Written by @Rob.Tharle, CYBERA’s Head of Product
In the last couple of weeks the EPI announced it has purchase of iDEAL and its desire to increase instant payments in the EU. This builds on the EUs proposed regulation to increase the use of instant payments. In this blog I’ll explore what these are, their impact on fraud and scams and what firms should do to be ready.
What are SEPA Instant Payments?
SEPA Instant was introduced in November 2017 and as its name suggests allows the customers of participant institutions in the Europe to send real time payments in Euros. SEPA Instant has a limit of 100k EUR, which is lower than the UK and US equivalent limits of £1m & $1m respectively.
Unlike the UK and US, the take up has been fairly slow with only c14% of SEPA transactions instant at the end of 2022, compared to c11% a year earlier. This is partly to do with a premium being charged for instant payments and not all PSPs being ready to receive or send instant payments.
As I explained when reviewing the impact of FedNow, the UK has seen extensive use of real time payments since its introduction 15 years ago and fraud to go along with it.
What the EU is proposing?
This slow growth has led the EU to make a proposal last year that would seek to increase the volume of instant payments. The key points put forward were:
- It would be mandatory for all PSPs that provide credit transfers in EUROs to provide instant payments 24/7/365
- From the date of the law:
- 6 months to be ready to receive
- 12 months to be ready to send
- Not be able to charge a premium for Instant Payments
- In addition:
- IBAN Name check service – Confirmation of Payee (COP) like the UK
- Check accounts to sanctions lists as they are updated and at least once a day. If a firm has failed to do this and allowed funds to move via instant payments, they take liability.
The ECB has recently published its thoughts with some amendments, namely:
- Excluding EMIs and PIs from the rules, leaving only the direct participant banks covered
- Offer IBAN Name checking for no additional cost
It is likely this will not be law until well into 2024, however.
What is EPI looking to do with iDEAL and PQI?
Moving on, the news in late April that the European Payments Initiative (EPI) has purchased iDEAL of the Netherlands and PQI of Luxemburg is interesting in this context.
In the first instance EPI will be providing a digital wallet to provide P2P to customers in Germany and France, targeting the two largest economies and targeting a large percentage of cash transactions in the EU. From here, expanding this to other counties and then to remote and mobile retail payments.
The EPI’s aim is to take on/replace US Centric card schemes with European based A2A transfers utilising Instant payments to take on remote payments, so these purchases can help it on its way.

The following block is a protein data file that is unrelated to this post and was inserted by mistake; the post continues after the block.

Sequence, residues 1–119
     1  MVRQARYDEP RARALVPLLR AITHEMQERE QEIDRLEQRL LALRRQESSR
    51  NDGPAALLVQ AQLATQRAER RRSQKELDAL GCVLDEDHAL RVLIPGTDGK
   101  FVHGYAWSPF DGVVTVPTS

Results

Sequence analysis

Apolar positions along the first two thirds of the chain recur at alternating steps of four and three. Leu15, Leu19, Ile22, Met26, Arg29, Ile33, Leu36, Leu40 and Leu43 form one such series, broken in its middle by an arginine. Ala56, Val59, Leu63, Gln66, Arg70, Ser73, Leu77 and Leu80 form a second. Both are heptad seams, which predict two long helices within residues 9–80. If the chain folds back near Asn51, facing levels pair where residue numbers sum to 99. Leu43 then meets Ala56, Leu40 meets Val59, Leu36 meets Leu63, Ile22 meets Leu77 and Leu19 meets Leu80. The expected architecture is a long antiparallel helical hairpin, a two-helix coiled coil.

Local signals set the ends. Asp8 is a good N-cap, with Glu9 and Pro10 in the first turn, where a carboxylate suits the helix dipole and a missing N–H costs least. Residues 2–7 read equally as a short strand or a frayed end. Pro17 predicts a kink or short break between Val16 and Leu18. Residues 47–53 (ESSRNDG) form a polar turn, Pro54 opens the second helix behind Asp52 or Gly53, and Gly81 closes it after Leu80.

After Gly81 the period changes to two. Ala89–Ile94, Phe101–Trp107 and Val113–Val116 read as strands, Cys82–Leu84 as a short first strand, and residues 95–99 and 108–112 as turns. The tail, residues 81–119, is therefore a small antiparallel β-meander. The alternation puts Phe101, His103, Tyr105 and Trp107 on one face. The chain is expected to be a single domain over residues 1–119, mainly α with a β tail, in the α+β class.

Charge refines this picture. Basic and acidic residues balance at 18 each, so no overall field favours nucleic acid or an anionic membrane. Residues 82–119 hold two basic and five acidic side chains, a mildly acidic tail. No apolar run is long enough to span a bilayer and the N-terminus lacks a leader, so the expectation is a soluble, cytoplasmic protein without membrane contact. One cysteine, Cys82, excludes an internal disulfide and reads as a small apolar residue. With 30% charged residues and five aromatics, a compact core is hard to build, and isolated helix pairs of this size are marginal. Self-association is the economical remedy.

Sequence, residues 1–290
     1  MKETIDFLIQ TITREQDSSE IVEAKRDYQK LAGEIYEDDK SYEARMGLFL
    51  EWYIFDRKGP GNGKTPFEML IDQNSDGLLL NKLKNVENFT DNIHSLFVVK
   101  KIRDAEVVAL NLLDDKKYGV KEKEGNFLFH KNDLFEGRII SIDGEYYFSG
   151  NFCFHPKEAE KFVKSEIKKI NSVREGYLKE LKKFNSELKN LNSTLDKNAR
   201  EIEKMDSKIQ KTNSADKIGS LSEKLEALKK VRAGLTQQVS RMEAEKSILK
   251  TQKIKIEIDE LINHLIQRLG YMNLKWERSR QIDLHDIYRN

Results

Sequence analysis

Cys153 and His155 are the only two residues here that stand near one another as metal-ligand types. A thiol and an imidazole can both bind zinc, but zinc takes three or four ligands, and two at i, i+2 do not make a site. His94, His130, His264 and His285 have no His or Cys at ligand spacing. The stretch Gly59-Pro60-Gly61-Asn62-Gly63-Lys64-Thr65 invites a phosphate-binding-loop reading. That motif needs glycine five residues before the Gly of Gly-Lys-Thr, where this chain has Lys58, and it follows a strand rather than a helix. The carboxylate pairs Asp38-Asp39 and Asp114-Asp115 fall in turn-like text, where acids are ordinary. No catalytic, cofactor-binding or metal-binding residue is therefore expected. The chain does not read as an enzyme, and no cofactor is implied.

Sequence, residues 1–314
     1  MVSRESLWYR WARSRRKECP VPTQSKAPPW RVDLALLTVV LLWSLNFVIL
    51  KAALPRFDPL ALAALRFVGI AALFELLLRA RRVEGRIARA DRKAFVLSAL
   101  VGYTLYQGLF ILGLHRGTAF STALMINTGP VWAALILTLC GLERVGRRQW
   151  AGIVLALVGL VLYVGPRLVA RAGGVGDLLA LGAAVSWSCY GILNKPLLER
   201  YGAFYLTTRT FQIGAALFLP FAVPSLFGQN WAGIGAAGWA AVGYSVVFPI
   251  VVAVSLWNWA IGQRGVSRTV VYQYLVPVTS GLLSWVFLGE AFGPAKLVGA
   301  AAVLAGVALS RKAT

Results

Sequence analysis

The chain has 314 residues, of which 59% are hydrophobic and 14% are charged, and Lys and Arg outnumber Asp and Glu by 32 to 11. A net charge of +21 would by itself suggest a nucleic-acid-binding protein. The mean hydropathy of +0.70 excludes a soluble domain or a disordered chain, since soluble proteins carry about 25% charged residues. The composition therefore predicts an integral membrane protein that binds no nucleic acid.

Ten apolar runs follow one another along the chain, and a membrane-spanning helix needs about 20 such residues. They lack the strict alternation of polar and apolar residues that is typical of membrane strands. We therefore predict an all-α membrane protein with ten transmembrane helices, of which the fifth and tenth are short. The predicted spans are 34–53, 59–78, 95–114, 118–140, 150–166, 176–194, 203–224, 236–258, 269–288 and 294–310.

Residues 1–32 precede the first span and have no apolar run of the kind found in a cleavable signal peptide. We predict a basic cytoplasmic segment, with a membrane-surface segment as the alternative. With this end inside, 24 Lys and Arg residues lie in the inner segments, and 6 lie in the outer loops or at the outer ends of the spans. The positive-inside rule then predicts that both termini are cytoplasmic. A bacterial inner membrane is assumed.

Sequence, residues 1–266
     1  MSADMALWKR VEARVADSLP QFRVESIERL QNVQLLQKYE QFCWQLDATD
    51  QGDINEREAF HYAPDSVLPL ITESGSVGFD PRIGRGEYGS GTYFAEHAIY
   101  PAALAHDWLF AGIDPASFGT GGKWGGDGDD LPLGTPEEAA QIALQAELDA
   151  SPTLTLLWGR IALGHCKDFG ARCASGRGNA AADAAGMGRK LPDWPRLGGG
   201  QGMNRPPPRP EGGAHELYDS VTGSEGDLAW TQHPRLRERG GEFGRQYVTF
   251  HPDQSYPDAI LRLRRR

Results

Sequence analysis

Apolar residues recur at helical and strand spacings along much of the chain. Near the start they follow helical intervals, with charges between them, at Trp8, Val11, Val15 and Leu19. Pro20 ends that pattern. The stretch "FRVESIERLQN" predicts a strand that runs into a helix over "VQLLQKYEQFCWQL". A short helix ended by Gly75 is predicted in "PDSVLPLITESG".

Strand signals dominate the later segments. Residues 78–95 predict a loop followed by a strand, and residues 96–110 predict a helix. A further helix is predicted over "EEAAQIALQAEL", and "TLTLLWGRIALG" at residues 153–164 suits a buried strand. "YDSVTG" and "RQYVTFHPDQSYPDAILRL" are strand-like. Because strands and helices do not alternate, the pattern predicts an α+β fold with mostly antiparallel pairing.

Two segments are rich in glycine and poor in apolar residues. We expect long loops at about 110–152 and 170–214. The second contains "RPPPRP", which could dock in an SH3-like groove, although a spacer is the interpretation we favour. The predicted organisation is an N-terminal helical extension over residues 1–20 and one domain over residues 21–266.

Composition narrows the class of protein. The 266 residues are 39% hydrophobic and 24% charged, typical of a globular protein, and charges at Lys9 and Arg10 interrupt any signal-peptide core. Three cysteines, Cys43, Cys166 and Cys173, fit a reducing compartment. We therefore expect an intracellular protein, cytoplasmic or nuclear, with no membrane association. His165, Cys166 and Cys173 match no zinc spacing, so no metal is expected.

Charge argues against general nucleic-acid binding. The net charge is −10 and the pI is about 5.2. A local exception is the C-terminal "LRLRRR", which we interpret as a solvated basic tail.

What’s this mean for fraud and scams?
As we’ve seen elsewhere in the world, as real time payments become the norm, the level of fraud and scams increases1. So expect this to also increase in the EU. I’d expect to see more much higher volumes of real time payments, particularly P2P and online purchases and the fraud and scams that go with them.
However, whatever systems already in place will need further investment to combat this increase in fraud. As such the IBAN name checking service, similar to the UKs and Netherlands Confirmation of Payee (COP) services is welcome.
However, real time profiling models, even if in place already, will need to be developed, as these models will no longer be fit for purpose for a full P2P and open banking A2A eCommerce services.
This is because the way people use these services and the data points are all different. Not only that how the fraudsters abuse them is also different.
As such what it will also be interesting to see is how EU regulators approach scams and if they want to follow the UK’s example. The UK for instance is now running at c£583m p.a. of authorised fraud losses on top of c£130m unauthorised losses. And whilst unauthorised need to be refunded everywhere in the EU, the UK is pushing for 100% refunds by the paying bank with 50% rebate paid by the beneficiary bank. Will this become PSD3 for instance?
Therefore, firms should be using the next 18 months or so to get ready for this.
What should PSPs be doing to be ready?
There are a number of areas PSPs in the EU should be investing in:
- Improve application fraud and KYC system at onboarding, by adding mules watchlists and integrating to a fraud hub. This helps target mules throughout the lifecycle.
- Undertake real time transaction monitoring of all transactions; outbound and inbound payments and non-monetary. This should include any extra details submitted as part of the ISO20022 payment message, e.g., invoice details.
- Build multiple models using machine learning/AI to target unauthorised, authorised fraud and for mule behaviour to cover P2P, corporate and merchant payments.
- Build the system to be scalable to ensure the performance is available when required – Instant payment values grow fast.
- Ensure your fraud operations can support the 24/7 nature of real time payments and have the right volume of trained staff. Augment with smart workflows and automation to improve efficiency, including strong data sources for investigation.
- Utilise a global fraud reporting service to improve the customer experience and help get victims funds back.
Instant payments are an important part of the economy and as such its key that European citizens can actually utilise them and the EU regs and the EPIs wallet ambitions will help this. However, it is clear from this high-level analysis, that additional investment is required in fraud systems and people in order to protect the benefits that instant payments can bring to the economy.